The importance of extreme users in research

The importance of
extreme users in research

Image depicting the idea of an extreme user

One of the biggest illusions of Market Research is that you need to interview “average consumers”. That’s absurd. What you’re looking for in qualitative research is interesting insights to fall in love with the problem. If you want to spot interesting opportunities for innovation, you will find those opportunities much faster when you interview extreme users. Extreme users are perfectly capable of telling you what they figured out, how they overcome barriers, what problems they needed to solve and how you can help them. Moreover: Roger’s  Law of Diffusion of Innovation – you know: innovators, early adopters, etc… – tells us that every new product or service aways needs to attract a first group of early adopters in the fringes, before it can spread to the masses. Without traction, hype or social proof from the mavericks, most people won’t move.

Scratching your own itch.

The history of innovation is packed with stories of extreme users who  launched a killer innovation by scratching their own itch. Did you know that the sandwich is named after the Earl of Sandwich. The man happened to be such an addict gambler, that he instructed his staff to serve his lunch in a way that he didn’t had to leave the game table. The rest is history.

A similar story unfolded in Antwerp. Back in 1951, a guy named Theo Maertens entered his favourite snackbar one night in a drunk state, asking for a sandwich with minced beef and topped with everything they had available. That happened to be pili-pili powder, tabasco, cayenne-pepper, pickles, salt, ketchup worchester sauce and chopped onions. The new sandwich was an instant hit. People liked it so much, one of his friends shouted: I want a sandwich, just like the one Martino had. Martino was Theo Maertens’ nickname. The snackbar owner decided that the new sandwich was going to be named after its first customer: Martino. Today there is no snackbar in Belgium where you won’t find a Martino. It’s one of the best sold sandwiches in the country.

broodje Martino

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Extreme users know their pain better than average users

Another great story is the success of the HITT-training (High Intensity Interval Training). Allegedly HITT was designed by an ultra-runner, whose marriage was about to burst, because his wife couldn’t cope anymore with the endless hours he was away from home training. So the guy went on a search for new ways to spend less time training, but with similar effects. He discovered that High Intensity Intervals training was as good – if not better – as long duration runs, but they only took a fraction of the training time.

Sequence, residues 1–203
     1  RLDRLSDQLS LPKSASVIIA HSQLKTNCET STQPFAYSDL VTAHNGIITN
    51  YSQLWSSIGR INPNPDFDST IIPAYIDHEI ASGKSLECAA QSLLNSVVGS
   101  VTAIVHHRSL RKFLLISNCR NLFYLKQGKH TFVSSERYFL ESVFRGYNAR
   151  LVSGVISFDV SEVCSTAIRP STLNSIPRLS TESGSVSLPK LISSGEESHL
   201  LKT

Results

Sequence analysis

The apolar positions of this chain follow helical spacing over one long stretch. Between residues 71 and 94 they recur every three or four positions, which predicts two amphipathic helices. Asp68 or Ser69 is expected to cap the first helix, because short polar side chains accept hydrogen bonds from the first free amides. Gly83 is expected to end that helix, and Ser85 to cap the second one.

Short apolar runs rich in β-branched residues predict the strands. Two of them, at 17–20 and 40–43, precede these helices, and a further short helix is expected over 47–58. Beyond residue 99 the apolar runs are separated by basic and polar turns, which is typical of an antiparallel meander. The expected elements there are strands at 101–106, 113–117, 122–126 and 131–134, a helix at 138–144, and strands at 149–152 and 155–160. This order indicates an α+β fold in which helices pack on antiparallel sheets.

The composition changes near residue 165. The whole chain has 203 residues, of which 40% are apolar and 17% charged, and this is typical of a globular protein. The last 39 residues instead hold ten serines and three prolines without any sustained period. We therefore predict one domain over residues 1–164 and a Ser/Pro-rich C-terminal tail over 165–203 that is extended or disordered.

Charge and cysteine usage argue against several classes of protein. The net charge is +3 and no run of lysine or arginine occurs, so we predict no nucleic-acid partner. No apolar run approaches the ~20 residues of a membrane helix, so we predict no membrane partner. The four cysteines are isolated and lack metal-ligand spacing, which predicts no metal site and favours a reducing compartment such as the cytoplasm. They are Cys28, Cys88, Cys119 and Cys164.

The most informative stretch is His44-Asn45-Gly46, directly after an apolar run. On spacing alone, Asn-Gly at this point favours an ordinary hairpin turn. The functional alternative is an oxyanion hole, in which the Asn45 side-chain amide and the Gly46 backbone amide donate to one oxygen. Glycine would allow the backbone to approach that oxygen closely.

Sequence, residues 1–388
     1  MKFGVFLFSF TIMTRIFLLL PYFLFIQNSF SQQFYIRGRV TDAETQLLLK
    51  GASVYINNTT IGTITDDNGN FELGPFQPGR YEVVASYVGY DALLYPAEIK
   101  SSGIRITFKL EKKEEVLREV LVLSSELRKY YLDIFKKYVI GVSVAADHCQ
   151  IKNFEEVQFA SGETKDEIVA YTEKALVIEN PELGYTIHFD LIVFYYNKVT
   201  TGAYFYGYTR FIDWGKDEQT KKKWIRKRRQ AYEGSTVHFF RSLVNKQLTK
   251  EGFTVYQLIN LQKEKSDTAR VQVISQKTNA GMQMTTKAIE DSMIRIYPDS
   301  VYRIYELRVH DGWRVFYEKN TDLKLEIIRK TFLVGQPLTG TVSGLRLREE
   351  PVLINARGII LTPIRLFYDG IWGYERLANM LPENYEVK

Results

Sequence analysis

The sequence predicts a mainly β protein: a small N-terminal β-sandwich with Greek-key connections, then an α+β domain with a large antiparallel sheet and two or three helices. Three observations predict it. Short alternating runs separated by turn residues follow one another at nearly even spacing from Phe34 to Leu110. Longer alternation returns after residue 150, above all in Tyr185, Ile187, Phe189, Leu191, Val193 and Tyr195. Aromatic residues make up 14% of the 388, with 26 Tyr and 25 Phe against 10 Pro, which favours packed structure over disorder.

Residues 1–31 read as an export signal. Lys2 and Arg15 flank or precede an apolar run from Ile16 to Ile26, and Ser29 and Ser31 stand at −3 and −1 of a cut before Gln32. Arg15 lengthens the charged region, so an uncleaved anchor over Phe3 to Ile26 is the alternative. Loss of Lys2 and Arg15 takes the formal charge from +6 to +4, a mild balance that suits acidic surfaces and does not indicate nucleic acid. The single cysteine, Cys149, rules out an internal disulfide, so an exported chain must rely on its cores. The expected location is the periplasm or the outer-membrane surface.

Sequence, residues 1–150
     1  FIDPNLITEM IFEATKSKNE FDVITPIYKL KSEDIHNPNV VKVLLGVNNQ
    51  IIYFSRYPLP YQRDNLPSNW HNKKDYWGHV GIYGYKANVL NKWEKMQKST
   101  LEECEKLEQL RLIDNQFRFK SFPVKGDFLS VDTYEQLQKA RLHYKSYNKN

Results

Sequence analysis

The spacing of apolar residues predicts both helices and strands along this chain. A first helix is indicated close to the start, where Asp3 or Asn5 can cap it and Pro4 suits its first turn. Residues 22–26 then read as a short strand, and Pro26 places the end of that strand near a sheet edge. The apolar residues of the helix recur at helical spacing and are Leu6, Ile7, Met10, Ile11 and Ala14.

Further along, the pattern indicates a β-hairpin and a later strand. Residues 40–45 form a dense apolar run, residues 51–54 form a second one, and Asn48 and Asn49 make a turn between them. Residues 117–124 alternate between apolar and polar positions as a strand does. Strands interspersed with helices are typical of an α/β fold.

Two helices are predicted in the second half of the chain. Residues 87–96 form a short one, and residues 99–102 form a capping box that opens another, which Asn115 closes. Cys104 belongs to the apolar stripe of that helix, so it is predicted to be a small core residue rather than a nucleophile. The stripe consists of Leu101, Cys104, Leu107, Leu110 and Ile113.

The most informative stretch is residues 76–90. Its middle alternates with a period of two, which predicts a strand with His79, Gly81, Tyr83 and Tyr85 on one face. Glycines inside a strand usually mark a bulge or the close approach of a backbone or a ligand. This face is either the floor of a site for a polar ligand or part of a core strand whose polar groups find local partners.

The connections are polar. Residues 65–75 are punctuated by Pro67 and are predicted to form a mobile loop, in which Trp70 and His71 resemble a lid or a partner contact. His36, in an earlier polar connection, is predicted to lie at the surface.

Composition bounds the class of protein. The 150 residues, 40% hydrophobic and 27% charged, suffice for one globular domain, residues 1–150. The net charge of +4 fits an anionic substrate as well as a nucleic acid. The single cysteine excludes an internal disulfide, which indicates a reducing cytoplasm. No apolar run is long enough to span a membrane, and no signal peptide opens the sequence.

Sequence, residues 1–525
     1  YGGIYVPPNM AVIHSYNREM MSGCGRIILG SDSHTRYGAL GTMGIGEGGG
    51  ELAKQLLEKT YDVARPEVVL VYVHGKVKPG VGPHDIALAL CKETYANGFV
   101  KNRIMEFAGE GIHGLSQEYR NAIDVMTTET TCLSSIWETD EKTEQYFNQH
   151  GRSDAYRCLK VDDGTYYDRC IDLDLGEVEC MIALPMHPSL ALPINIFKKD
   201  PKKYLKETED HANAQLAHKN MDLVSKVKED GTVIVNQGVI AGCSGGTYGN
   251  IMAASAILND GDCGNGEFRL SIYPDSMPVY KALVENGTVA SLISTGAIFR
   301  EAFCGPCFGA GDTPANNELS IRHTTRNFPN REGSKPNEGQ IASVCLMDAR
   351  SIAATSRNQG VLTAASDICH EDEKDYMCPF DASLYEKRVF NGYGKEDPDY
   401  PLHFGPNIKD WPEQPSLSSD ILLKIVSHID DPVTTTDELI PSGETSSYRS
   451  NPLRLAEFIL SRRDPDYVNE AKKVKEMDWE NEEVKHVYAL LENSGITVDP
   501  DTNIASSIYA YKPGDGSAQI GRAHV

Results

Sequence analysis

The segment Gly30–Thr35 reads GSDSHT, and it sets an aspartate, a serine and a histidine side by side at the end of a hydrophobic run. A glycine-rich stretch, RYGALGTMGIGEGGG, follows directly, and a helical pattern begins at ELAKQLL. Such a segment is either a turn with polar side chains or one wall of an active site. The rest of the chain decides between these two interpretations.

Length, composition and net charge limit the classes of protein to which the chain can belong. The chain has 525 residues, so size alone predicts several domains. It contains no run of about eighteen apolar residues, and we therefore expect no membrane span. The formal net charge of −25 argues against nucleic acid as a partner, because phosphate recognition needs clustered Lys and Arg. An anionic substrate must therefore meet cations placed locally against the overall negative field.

Another example in the same category is Curves. One of the fastest growing and highly profitable fitness concepts in the world. They figured out how to connect with a large group of women, who felt very unfordable training in the gym. Lot’s of women feel being looked at, and lot’s of women feel shame about their bodies. Curves solved that problem: It’s a women only concept, no fancy fitness gear and women train in a circle, so everyone gets to see everyone, which quickly helps them to overcome shame and stress.

You’re not looking for validity, you’re looking for interestingness

If you want to come up with new value propositions: always talk to extreme users. For the simple reason that their pain is a magnified version of the average consumer pain. “Scratching your own itch”, is an innovation mantra that lot’s of innovators can relate to.

In the end, every successful innovation is nothing more than a better way to take  away pain in people’s life, a better way to solve their problems, or a better way to help people to achieve their goals and fulfill their dreams.  The big problem with market research is that it’s so obsessed with averages and validity, that it forgets that its real goal is to spot interesting human insights and opportunities for interventions. Extreme users will provide you with those.

More blogs on innovation and research:

How to design an innovation habit

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